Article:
A week after launching a probe to examine Mars' upper atmosphere, NASA is now set to send up a research rocket to inspect the atmosphere of Venus, and to determine if the planet's surface ever harbored water.
The space agency is scheduled to launch the Venus Spectral Rocket, or VeSpR, from White Sands, N.M., on Nov. 25, and the fact-finding mission will also obtain atmospheric information at various altitudes. NASA launched the Mars Atmosphere and Volatile Evolution, or MAVEN, mission from its Cape Canaveral Air Force Station in Florida on Nov. 18.
“It is appropriate that these launch dates are close together, because both missions will study atmospheric loss,” Kelly Fast, program scientist for MAVEN and the program officer for Planetary Astronomy at NASA in Washington, said in a statement. “VeSpR will peek at Venus from above Earth's absorbing atmosphere, and MAVEN will journey to Mars to do a long-term study.”
According to NASA, the VeSpR rocket is a combination of a Terrier missile -- originally built as a surface-to-air missile and later repurposed to support science missions -- and a Black Brant model Mk1 sounding rocket with a telescope inside. VeSpR will study the ultraviolet, or UV, light that is emitted by Venus' atmosphere for information about the history of the planet's water.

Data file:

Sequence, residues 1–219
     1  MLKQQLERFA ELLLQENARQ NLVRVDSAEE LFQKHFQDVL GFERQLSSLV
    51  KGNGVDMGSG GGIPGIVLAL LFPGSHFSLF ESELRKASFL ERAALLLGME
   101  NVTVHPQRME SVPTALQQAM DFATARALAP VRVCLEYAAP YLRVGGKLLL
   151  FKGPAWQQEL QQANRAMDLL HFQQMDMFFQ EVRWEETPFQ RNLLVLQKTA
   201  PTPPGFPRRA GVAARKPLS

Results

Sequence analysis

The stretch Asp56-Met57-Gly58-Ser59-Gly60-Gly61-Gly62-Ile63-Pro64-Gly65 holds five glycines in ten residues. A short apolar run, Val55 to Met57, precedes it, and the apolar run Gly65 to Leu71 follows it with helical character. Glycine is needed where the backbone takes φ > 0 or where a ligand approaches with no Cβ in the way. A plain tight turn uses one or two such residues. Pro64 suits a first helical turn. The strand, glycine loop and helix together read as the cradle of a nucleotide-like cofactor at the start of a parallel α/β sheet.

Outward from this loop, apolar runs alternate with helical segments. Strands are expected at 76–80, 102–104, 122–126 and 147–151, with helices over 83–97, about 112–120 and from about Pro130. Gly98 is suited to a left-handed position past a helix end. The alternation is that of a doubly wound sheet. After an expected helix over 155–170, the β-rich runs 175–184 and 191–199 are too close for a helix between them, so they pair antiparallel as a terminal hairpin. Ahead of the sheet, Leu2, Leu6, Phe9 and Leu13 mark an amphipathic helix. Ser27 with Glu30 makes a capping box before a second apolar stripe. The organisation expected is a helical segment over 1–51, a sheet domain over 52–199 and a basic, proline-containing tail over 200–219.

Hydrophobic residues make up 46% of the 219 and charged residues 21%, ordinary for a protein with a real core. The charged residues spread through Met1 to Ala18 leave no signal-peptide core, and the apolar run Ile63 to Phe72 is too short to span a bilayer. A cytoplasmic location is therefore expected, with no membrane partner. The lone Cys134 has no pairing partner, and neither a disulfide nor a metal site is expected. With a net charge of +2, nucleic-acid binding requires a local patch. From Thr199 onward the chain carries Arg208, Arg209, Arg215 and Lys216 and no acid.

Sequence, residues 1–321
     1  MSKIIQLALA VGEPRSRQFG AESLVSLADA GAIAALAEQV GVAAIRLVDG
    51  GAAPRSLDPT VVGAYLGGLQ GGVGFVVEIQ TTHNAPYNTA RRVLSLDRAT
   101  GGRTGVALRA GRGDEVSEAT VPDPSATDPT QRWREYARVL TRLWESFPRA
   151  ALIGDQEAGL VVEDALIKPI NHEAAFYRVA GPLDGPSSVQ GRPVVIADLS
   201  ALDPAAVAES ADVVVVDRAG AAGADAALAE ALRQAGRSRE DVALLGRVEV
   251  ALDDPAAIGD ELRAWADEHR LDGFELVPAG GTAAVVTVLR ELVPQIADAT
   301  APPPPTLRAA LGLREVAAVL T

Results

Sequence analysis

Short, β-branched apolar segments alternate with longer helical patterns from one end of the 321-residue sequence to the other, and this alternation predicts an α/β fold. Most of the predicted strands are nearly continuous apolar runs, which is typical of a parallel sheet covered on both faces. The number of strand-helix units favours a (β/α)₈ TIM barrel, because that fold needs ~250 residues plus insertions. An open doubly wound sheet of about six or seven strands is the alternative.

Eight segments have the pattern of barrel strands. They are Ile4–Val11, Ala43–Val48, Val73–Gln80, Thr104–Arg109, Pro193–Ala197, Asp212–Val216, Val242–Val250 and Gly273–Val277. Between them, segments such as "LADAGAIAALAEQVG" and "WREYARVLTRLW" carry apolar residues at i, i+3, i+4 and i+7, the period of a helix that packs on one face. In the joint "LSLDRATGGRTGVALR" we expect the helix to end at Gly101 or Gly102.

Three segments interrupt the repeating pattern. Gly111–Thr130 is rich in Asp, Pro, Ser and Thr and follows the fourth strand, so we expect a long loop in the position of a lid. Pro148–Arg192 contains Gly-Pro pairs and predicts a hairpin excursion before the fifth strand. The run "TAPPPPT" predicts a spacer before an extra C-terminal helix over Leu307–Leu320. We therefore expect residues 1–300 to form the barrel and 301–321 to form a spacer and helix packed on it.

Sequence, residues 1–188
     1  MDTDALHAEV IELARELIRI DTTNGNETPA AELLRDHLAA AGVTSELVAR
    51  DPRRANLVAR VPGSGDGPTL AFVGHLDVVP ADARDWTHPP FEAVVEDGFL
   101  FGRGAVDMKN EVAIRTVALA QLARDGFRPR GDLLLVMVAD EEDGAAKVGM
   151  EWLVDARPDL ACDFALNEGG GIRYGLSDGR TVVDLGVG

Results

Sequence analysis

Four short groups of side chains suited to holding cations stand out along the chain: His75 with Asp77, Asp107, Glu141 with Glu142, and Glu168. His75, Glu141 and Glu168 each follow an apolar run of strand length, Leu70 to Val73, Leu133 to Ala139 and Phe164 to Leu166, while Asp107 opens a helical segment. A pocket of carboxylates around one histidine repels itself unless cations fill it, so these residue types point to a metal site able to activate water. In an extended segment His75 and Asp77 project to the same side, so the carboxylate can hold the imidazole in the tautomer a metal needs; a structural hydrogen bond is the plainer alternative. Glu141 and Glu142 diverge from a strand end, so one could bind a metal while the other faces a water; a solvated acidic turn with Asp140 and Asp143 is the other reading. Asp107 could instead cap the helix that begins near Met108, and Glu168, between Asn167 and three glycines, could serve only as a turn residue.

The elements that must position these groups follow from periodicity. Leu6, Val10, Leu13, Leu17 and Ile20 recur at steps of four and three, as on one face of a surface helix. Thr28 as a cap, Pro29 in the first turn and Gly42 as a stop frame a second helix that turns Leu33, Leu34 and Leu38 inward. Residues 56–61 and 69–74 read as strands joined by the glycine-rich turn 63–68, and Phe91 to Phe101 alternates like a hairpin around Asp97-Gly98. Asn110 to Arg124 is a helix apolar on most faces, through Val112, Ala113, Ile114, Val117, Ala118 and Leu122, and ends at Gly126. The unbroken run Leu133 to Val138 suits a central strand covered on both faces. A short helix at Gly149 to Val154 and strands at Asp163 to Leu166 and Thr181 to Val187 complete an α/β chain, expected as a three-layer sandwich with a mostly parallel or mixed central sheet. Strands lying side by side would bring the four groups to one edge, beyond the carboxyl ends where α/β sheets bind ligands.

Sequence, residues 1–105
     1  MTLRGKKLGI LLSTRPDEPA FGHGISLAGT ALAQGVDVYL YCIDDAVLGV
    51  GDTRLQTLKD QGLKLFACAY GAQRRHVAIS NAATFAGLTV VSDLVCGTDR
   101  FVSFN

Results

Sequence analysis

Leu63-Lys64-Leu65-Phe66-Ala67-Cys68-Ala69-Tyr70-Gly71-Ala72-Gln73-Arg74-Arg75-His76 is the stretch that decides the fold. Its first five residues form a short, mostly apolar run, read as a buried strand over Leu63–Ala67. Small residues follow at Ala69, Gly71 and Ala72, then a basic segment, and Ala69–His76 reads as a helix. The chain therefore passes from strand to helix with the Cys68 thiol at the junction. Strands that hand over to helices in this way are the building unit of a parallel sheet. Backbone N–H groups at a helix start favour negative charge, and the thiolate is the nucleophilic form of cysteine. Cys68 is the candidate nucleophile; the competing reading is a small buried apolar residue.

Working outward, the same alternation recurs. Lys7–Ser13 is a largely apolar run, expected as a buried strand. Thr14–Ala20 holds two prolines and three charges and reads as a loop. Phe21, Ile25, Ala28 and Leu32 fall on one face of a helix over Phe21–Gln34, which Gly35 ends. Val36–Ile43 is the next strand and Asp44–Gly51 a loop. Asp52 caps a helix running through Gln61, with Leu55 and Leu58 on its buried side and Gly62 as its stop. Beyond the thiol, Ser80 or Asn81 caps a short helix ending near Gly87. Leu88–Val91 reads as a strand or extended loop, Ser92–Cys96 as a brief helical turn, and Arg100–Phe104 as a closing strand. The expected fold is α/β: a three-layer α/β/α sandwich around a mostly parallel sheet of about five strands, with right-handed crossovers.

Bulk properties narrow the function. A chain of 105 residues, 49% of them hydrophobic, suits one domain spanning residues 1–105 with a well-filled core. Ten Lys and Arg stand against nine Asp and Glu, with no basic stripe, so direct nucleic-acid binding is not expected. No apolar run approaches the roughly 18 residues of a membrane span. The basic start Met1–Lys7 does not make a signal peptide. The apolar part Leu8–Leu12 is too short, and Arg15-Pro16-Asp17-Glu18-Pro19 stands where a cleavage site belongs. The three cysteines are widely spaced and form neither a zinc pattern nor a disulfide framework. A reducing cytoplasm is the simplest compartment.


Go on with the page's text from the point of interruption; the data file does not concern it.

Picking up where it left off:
Scientists said measurements like these cannot be done using ground-based telescopes because Earth’s atmosphere absorbs most UV light before it reaches the planet. In this case, the sounding rocket will carry the telescope more than 65 miles above the Earth’s surface, and at that altitude, the atmosphere thins out enough to allow UV readings.
“Venus today has a thick atmosphere that contains very little water, but we think the planet started out with an ocean's worth of water,” John T. Clarke of Boston University, and the mission's principal investigator, said in a statement.
Scientists say it is still unclear whether water existed on the surface of Venus or only high up in its atmosphere, where temperatures are cooler. According to the researchers, if it can be proven that Venus' surface temperature stayed below the boiling point of water long enough, it could mean rivers might have once flowed on Venus, and in fact, the planet may have even had ice.
Some previous estimates had indicated that Venus could have had enough ancient water to cover the whole globe with 23 feet of liquid, before it was found that the amounts of hydrogen and deuterium, a heavier version of hydrogen, can vary at different heights in Venus' atmosphere, changing the calculations.
According to NASA, VeSpR will take measurements specifically in the upper atmosphere to solve this uncertainty. It will observe Venus for eight minutes, with data being transmitted in real time, before the payload returns to Earth.